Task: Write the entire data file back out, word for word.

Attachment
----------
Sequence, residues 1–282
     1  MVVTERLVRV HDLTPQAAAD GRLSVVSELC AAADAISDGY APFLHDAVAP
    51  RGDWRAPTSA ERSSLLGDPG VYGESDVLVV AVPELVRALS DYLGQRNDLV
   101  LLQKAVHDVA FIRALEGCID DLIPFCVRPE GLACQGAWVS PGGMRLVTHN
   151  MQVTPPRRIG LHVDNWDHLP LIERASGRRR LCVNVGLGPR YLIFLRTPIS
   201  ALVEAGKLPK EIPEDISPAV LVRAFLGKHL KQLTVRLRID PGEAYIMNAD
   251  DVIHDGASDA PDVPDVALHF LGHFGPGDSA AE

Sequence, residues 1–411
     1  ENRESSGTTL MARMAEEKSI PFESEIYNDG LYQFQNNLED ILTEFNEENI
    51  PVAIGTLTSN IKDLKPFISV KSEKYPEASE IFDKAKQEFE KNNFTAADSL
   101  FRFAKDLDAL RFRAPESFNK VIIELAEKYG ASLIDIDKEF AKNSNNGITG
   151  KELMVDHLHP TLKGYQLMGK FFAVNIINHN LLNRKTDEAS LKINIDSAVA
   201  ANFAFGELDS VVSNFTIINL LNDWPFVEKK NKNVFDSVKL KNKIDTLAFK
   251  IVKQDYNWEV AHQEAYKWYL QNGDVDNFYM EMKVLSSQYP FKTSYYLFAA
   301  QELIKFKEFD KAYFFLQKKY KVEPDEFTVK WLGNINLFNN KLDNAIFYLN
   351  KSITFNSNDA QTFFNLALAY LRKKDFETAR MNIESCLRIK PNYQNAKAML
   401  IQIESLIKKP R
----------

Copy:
Sequence, residues 1–282
     1  MVVTERLVRV HDLTPQAAAD GRLSVVSELC AAADAISDGY APFLHDAVAP
    51  RGDWRAPTSA ERSSLLGDPG VYGESDVLVV AVPELVRALS DYLGQRNDLV
   101  LLQKAVHDVA FIRALEGCID DLIPFCVRPE GLACQGAWVS PGGMRLVTHN
   151  MQVTPPRRIG LHVDNWDHLP LIERASGRRR LCVNVGLGPR YLIFLRTPIS
   201  ALVEAGKLPK EIPEDISPAV LVRAFLGKHL KQLTVRLRID PGEAYIMNAD
   251  DVIHDGASDA PDVPDVALHF LGHFGPGDSA AE

Sequence, residues 1–411
     1  ENRESSGTTL MARMAEEKSI PFESEIYNDG LYQFQNNLED ILTEFNEENI
    51  PVAIGTLTSN IKDLKPFISV KSEKYPEASE IFDKAKQEFE KNNFTAADSL
   101  FRFAKDLDAL RFRAPESFNK VIIELAEKYG ASLIDIDKEF AKNSNNGITG
   151  KELMVDHLHP TLKGYQLMGK FFAVNIINHN LLNRKTDEAS LKINIDSAVA
   201  ANFAFGELDS VVSNFTIINL LNDWPFVEKK NKNVFDSVKL KNKIDTLAFK
   251  IVKQDYNWEV AHQEAYKWYL QNGDVDNFYM EMKVLSSQYP FKTSYYLFAA
   301  QELIKFKEFD KAYFFLQKKY KVEPDEFTVK WLGNINLFNN KLDNAIFYLN
   351  KSITFNSNDA QTFFNLALAY LRKKDFETAR MNIESCLRIK PNYQNAKAML
   401  IQIESLIKKP R